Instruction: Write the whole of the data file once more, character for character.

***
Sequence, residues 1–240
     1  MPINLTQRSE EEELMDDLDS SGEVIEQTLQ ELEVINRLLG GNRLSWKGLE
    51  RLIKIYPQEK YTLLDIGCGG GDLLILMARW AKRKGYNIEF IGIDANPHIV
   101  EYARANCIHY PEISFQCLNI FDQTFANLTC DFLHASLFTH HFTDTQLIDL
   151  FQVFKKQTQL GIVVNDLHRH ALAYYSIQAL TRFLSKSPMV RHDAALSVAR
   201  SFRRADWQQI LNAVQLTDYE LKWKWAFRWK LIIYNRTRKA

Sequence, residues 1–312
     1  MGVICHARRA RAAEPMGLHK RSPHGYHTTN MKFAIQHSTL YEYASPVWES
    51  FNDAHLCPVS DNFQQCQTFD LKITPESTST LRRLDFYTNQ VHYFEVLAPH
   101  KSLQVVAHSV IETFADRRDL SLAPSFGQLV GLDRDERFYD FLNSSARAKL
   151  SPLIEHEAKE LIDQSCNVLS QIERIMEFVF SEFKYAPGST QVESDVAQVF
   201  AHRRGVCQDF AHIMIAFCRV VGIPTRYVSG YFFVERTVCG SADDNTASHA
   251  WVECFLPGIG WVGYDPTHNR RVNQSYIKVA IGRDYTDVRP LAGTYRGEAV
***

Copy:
Sequence, residues 1–240
     1  MPINLTQRSE EEELMDDLDS SGEVIEQTLQ ELEVINRLLG GNRLSWKGLE
    51  RLIKIYPQEK YTLLDIGCGG GDLLILMARW AKRKGYNIEF IGIDANPHIV
   101  EYARANCIHY PEISFQCLNI FDQTFANLTC DFLHASLFTH HFTDTQLIDL
   151  FQVFKKQTQL GIVVNDLHRH ALAYYSIQAL TRFLSKSPMV RHDAALSVAR
   201  SFRRADWQQI LNAVQLTDYE LKWKWAFRWK LIIYNRTRKA

Sequence, residues 1–312
     1  MGVICHARRA RAAEPMGLHK RSPHGYHTTN MKFAIQHSTL YEYASPVWES
    51  FNDAHLCPVS DNFQQCQTFD LKITPESTST LRRLDFYTNQ VHYFEVLAPH
   101  KSLQVVAHSV IETFADRRDL SLAPSFGQLV GLDRDERFYD FLNSSARAKL
   151  SPLIEHEAKE LIDQSCNVLS QIERIMEFVF SEFKYAPGST QVESDVAQVF
   201  AHRRGVCQDF AHIMIAFCRV VGIPTRYVSG YFFVERTVCG SADDNTASHA
   251  WVECFLPGIG WVGYDPTHNR RVNQSYIKVA IGRDYTDVRP LAGTYRGEAV